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At a summit on Arctic science and policy at the University of Alaska Fairbanks, Russian walrus hunters nod along as George Noongwook speaks of the changes he’s seen around his community of Savoonga, a town on Saint Lawrence Island, just 65 kilometers from Russia’s eastern coast.
A translator delivers the Yup’ik walrus hunter’s message to his Russian counterparts, who are familiar with the refrain.
“We’re seeing lots of walruses, we just can’t get to them,” says Noongwook. “In the past two or three years, we haven’t been able to harvest any walrus or bowhead [whales] because of the ice conditions. Pretty much, we have to go farther out, and that can get really dangerous in small open skiffs. If you go [300 kilometers], you’re going to be in trouble. The weather can pick up really fast.”
Tensions between Russia and the United States may be riding high (fueled by conflicts in Crimea and Syria, and other factors), but in the sparsely populated North Pacific, indigenous communities are working together to tackle shared ecological challenges. Thousands of kilometers from Moscow and Washington, it’s people like Noongwook who, gathered together for the weeklong Arctic Science Summit, are redefining Russia-US relations.
“It’s always good to hear what they say over there and what we see on our side, and compare the two because we’re talking about the same ecosystem,” Noongwook says. “It’s always good to bring people together, especially hunters.”
The indigenous populations of Alaska and Russia’s Far East share cultural, family, and kinship ties across a modern maritime border. As the Iron Curtain descended in Europe during the Cold War, the so-called Ice Curtain also divided indigenous Yup’ik, Iñupiaq, and Unangax communities. For decades, families remained split, and cultural ties faded until the late 1980s, when formal contact resumed.
Today, the communities have the opportunity to meet to exchange information and share ideas on how to address the threats to their shared resources—most recently, walrus “haulouts”.
Warming temperatures in the Arctic are causing sea ice to recede. Without ice to rest on, Pacific walruses have been forming haulouts—crowding onto beaches by the thousands. So many walruses in such close quarters can lead to stampedes, which can cause the animals to crush their own young. It’s a strange, troubling sight for the indigenous communities that have survived on seasonal hunts for centuries.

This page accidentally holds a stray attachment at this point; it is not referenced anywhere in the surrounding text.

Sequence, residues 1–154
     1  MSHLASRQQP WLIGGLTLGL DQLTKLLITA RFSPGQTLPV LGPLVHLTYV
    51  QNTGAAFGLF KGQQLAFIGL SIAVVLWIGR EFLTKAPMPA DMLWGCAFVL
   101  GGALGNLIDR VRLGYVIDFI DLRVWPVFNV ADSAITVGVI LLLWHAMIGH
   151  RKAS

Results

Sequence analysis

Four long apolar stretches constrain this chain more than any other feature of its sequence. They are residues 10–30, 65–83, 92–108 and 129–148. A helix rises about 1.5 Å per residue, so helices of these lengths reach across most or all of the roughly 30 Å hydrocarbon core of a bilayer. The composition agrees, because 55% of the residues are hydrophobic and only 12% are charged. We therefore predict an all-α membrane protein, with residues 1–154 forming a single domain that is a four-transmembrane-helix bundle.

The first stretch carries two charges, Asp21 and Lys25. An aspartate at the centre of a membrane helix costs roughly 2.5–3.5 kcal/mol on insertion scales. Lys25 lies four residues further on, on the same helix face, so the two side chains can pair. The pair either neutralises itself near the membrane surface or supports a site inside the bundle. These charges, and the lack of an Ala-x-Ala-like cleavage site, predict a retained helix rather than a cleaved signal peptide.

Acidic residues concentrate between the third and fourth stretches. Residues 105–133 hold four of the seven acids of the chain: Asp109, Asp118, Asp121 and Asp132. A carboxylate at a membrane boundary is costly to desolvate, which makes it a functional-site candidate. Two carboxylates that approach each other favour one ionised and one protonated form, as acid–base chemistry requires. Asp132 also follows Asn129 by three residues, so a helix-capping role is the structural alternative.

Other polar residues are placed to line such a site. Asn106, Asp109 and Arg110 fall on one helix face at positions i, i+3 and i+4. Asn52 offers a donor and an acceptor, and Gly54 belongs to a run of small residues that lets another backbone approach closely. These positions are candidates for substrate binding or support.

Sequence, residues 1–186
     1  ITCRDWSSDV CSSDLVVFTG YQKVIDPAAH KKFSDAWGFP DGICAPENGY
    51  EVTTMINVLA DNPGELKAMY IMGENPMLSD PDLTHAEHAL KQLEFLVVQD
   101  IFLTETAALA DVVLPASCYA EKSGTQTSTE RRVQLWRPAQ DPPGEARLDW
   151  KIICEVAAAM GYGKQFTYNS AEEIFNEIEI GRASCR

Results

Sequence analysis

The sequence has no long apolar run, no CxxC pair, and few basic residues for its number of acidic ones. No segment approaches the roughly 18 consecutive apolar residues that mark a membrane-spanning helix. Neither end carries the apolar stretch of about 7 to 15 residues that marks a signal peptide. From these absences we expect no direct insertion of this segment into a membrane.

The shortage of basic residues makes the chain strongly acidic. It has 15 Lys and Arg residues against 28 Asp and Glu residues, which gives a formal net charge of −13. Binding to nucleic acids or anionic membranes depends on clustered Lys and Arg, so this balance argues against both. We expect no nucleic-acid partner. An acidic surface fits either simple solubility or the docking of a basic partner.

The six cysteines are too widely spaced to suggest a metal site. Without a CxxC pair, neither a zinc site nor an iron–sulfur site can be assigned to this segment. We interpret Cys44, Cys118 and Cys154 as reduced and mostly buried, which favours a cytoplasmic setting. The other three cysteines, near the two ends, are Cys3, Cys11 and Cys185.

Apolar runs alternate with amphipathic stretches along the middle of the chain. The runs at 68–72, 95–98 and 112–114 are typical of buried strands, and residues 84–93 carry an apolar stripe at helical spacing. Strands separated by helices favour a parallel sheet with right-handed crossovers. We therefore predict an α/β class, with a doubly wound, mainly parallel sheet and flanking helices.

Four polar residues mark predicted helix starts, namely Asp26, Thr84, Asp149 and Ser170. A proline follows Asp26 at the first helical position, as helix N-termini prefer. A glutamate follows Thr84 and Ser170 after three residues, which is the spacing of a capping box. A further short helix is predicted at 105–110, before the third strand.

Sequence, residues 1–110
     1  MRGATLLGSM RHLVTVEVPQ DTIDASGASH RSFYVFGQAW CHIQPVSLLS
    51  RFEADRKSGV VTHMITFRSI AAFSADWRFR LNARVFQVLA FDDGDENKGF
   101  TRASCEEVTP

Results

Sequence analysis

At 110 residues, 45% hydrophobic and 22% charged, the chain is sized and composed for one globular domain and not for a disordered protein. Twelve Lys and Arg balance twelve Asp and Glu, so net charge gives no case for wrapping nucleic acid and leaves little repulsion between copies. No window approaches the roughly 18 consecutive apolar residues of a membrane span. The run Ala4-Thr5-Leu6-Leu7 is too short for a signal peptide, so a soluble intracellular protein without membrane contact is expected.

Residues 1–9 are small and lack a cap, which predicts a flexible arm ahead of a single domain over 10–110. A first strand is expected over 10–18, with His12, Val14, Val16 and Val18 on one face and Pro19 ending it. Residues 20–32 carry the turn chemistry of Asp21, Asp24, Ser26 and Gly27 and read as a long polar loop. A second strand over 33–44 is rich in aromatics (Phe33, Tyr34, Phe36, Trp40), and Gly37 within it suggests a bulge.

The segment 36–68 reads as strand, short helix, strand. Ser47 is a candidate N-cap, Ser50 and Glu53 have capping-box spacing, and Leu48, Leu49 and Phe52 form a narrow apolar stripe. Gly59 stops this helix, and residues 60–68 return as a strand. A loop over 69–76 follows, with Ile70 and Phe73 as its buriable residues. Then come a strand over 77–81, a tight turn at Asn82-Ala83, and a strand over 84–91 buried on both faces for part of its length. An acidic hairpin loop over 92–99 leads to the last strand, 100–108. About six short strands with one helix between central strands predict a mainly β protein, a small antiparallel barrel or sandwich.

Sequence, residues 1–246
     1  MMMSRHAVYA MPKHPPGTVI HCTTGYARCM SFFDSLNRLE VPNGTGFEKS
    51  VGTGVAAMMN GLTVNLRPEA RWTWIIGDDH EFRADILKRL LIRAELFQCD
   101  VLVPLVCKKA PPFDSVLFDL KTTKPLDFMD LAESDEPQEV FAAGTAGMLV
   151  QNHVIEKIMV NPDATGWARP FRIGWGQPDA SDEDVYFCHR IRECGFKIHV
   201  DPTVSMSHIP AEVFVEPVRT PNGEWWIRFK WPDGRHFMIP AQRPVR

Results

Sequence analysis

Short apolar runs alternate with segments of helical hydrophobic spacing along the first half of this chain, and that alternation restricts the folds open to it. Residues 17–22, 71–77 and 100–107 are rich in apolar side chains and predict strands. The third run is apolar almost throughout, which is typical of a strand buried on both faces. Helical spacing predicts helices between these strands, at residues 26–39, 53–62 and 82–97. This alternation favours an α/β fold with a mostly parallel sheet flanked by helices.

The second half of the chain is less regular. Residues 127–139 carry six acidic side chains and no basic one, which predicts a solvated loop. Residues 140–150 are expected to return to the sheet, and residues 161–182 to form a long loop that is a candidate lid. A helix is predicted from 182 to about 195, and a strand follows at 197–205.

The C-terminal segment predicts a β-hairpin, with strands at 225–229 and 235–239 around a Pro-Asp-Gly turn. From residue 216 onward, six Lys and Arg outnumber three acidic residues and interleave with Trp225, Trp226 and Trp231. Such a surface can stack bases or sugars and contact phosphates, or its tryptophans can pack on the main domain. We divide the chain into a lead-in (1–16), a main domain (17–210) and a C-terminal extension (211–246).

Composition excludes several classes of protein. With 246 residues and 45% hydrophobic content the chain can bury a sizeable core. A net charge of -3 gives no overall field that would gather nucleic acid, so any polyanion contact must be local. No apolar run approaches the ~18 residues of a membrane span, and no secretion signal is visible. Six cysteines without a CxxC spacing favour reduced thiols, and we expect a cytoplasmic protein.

And every year, the haulouts seem to grow, hunter James Tazruk from Point Lay, Alaska, tells attendees of a session on walrus management in the Alaskan and Russian Arctic. “Before, it was, like, 5,000, and now it’s like 25,000. And I think next year it’s going to be even more.”
Perhaps counterintuitively, the haulouts are actually making hunting more difficult. The American and Russian hunters shared ideas on how to limit human activity near the haulouts to prevent stampedes, including pushing for no-fly zones near walrus habitat.
With receding sea ice the root of the haulout problem, most of the group’s exchanges were ideas on how villages can adapt. A member of the Russian hunter delegation told the group that, like villages in Alaska, Russian communities are often left without food when the walruses concentrate themselves in haulouts rather than spreading out along the entire coastline. Many communities in both Alaska and Russia depend on hunting for survival, as the cost of shipping keeps food prices high.
Anatoly Kochnev, a biologist at the Russian Academy of Sciences and one of that country’s foremost Arctic scientists, says haulouts in Russia used to happen just once every three or four years. Now, both the frequency and size of haulouts are increasing. In Alaska, most of the haulouts are happening along the state’s northwest coast.
Kochnev says that the US and Russian governments could do more to help, pointing to the countries’ existing partnership on polar bear conservation as a model.
In 2000, representatives from the United States, Russia, and indigenous communities in both countries signed an agreement that created the US-Russia Polar Bear Commission, which coordinates the management of polar bear habitat split between the two countries.
“I know it would be very effective and useful,” Kochnev says, “for the Pacific walrus to have the same kind of agreement on the government level.”
He says the two governments should formalize a relationship that echoes the tradition of cooperation of the region’s indigenous populations.
Ambassador David Balton, chair of the senior Arctic officials of the Arctic Council agrees. “It’s no secret that the United States and Russia have significant conflicts on other parts of the world and other issues,” he says. But indigenous peoples’ relations are largely independent of those conflicts. “In a sense, they can help us lead, and keep the glue in place.”